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iSGTW Image of the week - Window to a molecular world

Image of the week - Window to a molecular world


The Vaccinia virus, a bundle of DNA comprising 250 genes, is a member of the poxvirus family and was key to World Health Organization efforts to eradicate smallpox. This image was produced using EGEETomo: grid-powered electron tomography.
Image courtesy of Fernández, J.J.

Electron tomography, also known as ET, provides researchers with a tiny window on to the alien world of molecular biology.

The technology works by shooting electron beams through super-slim samples at different angles, producing data that can be pieced together to produce a three-dimensional structure. The technology is well suited to biological specimens such as chromosomes and viruses, providing nano-scale resolution for an all-new look at these target macromolecules.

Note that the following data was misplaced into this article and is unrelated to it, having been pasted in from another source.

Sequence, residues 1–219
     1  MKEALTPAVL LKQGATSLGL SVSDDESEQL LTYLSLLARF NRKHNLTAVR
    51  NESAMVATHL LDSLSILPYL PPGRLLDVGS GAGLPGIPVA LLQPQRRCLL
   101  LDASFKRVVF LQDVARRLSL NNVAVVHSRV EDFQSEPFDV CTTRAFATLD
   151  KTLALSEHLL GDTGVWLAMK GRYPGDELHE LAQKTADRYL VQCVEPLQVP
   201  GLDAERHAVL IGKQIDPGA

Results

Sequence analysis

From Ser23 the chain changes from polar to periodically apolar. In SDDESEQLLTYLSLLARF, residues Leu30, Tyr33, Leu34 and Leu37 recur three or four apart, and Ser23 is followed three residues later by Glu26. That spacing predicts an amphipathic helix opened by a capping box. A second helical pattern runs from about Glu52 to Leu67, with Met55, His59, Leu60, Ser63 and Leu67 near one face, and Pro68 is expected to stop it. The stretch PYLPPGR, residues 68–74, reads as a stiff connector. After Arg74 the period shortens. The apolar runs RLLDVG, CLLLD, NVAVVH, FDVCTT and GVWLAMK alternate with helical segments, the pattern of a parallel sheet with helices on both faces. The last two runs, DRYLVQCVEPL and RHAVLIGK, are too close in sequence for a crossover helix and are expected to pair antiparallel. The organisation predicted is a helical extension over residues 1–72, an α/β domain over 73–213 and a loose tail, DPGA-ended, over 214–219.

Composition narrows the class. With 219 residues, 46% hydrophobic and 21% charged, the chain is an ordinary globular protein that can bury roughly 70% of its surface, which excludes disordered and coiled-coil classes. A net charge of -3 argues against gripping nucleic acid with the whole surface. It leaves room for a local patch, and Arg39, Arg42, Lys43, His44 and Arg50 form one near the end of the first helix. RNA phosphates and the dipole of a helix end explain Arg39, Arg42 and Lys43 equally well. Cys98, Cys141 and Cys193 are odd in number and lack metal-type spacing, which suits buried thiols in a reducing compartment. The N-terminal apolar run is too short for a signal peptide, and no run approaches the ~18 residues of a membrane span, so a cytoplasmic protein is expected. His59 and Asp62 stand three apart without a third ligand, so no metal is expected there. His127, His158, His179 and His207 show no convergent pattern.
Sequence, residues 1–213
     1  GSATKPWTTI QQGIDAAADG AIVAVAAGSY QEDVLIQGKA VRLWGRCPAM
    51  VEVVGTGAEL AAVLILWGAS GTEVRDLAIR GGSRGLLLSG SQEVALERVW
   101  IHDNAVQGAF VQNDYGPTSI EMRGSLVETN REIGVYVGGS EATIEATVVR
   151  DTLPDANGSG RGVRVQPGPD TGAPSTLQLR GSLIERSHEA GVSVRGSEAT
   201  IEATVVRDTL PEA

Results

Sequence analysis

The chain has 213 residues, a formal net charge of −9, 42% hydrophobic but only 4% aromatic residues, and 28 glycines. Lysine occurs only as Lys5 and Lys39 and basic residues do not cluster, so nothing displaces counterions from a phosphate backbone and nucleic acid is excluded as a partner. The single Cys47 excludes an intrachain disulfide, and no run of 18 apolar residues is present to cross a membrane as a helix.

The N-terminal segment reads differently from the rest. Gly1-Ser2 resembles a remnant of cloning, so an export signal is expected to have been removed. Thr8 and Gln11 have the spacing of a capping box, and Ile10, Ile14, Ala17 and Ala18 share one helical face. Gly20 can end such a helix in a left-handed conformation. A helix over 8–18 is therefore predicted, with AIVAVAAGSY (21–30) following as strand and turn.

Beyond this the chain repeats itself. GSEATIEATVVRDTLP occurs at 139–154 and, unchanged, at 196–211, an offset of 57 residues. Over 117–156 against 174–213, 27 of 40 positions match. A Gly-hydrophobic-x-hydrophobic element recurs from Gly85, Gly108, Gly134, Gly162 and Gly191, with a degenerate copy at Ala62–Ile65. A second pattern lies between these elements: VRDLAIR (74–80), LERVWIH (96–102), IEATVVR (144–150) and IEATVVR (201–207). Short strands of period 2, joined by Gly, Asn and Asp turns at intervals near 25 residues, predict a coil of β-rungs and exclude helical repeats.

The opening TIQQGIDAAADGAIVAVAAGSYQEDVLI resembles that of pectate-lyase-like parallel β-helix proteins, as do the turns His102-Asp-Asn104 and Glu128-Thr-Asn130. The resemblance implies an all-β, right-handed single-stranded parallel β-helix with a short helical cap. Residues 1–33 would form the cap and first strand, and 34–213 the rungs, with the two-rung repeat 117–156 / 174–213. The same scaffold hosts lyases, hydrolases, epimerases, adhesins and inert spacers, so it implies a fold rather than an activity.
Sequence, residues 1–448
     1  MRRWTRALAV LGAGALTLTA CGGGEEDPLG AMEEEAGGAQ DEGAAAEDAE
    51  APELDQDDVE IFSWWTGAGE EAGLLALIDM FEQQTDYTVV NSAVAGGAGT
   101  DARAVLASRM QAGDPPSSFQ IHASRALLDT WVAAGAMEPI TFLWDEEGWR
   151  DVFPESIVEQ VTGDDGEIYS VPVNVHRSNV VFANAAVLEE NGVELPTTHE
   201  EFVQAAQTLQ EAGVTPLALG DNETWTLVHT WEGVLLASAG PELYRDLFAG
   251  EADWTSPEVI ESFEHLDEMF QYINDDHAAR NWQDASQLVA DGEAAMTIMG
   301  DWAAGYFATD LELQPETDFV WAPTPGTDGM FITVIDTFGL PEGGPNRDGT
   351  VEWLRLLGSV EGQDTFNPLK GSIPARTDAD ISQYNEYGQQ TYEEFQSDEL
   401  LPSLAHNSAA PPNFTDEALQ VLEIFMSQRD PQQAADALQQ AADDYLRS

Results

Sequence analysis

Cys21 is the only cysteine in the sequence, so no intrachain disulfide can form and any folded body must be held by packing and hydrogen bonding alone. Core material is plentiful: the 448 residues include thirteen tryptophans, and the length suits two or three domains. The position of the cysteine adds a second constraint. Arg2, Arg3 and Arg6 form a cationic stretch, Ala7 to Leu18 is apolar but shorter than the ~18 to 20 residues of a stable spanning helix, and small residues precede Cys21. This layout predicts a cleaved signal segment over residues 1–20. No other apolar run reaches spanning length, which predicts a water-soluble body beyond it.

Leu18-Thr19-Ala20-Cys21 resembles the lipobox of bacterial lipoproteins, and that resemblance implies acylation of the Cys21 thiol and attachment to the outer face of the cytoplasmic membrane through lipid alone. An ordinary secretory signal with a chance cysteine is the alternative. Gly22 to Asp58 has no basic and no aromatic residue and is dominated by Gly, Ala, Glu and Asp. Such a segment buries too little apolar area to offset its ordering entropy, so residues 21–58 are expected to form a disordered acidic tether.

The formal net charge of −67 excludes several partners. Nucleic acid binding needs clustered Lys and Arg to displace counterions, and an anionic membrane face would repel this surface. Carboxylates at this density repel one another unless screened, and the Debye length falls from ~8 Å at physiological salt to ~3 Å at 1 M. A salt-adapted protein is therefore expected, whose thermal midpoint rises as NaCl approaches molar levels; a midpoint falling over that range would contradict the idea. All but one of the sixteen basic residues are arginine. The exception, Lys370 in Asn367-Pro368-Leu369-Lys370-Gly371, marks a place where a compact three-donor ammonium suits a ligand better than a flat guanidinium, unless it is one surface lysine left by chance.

To achieve such resolution, ET demands sophisticated reconstruction algorithms. Where iterative algebraic algorithms yield high quality reconstructions, they are computationally expensive and their use requires high performance techniques.

Nano-scale grid-powered reconstruction

Along with his colleagues, Román Bilbao-Castro of the University of Almería, in Spain, has developed a new approach to tomographic reconstruction, reducing the global problem into a number of independent sub-problems using grid computing. The team are evaluating their approach using the EGEE infrastructure.

"We have thoroughly analyzed the influence of the problem size and the parallelism grain," says Bilbao-Castro. "Our results demonstrate that the grid is better suited for the large reconstructions currently needed in electron tomography."

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